At many Universities there is a tradition of Professors being asked to deliver a Last Lecture. The premise of this lecture is for professors to consider their hypothetical demise and then reflect on the wisdom they could impart to their audience based on their life experiences. When Randy Pausch delivered his lecture to a packed auditorium in 2007, he did not have to imagine he was dying – diagnosed with aggressive pancreatic cancer at age forty seven, he knew he had just a few short months left to live. The one-hour lecture focused not on his failing battle with cancer but on living life to the fullest and making the best use of every moment to pursue one’s dreams.  Interwoven are personal anecdotes from his life, succinct and full of humor but always with the underlying messages -   the critical role his parents played in encouraging  imagination and creativity , the importance of time management and  confronting life’s difficult moments with courage and resilience.    Dr. Pausch wanted the lecture to be a lasting legacy for his three young children who would grow up without knowing their father but with this book,  Randy Pausch  would help keep  dreams alive not just for his children but for generations who would  draw  hope, courage and optimism  from his  inspiring words.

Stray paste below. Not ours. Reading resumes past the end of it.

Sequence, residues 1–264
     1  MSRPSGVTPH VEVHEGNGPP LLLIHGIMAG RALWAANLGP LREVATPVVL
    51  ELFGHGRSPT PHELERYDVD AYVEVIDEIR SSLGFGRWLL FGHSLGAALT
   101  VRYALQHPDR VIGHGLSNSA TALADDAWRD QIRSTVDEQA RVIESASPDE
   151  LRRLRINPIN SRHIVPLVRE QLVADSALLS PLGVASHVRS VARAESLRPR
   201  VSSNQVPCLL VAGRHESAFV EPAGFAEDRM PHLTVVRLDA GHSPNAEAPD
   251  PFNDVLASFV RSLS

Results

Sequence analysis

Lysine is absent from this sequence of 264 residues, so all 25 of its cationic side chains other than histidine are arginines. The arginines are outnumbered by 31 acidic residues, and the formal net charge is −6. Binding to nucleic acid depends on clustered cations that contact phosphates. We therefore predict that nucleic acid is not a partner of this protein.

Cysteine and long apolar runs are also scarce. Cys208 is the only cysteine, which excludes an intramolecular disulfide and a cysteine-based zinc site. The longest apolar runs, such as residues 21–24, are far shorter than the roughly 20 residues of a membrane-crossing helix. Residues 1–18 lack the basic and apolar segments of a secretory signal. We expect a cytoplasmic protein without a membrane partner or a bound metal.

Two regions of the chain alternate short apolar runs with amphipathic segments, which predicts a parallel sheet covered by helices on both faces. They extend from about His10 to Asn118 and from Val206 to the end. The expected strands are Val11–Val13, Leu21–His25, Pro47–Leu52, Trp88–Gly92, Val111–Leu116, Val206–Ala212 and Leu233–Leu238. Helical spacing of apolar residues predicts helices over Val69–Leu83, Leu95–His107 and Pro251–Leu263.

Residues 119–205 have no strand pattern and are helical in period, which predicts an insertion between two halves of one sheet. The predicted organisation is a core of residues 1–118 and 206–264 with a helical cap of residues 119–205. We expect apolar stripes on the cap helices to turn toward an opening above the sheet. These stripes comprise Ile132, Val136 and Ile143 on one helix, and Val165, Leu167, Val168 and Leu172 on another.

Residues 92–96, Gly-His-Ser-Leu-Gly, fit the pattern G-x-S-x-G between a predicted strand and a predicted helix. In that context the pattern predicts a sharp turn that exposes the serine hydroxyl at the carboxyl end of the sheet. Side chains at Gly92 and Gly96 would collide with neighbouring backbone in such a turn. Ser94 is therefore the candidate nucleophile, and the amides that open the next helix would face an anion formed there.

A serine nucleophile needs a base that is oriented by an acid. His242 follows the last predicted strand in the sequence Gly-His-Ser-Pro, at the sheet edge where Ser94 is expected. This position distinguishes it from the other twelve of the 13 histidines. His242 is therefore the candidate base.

Wave by Sonali Deraniyagala

December 26, 2004, the Day after Christmas dawned like any other day for Sonali Deraniyagala, who had traveled from London with her family to vacation at the Yala National Park on the south east coast of Sri Lanka.  It was the day that would change her life forever – it was the day when the Tsunami struck the shores of the Indian Ocean and, in one big surge, brought death and devastation to thousands. Wave is Sonali Deraniyagala’s poignant and deeply moving encounter with grief and the pain of losing her entire family in the Tsunami disaster. The pages of the book transport the reader to the excruciating agony of a mother who lost both her young sons, her husband and her parents within one horrifying moment in time.  In writing this memoir, Sonali Deraniyagala shares with her readers the anguish of the hours and days that followed. At the same time she finds the incredible strength to go back in time to her memories of happier times, to the many endearing moments she shared with her husband and boys. Through these reflections and heartwarming images, Sonali Deraniyagala immortalizes her family for all time to come.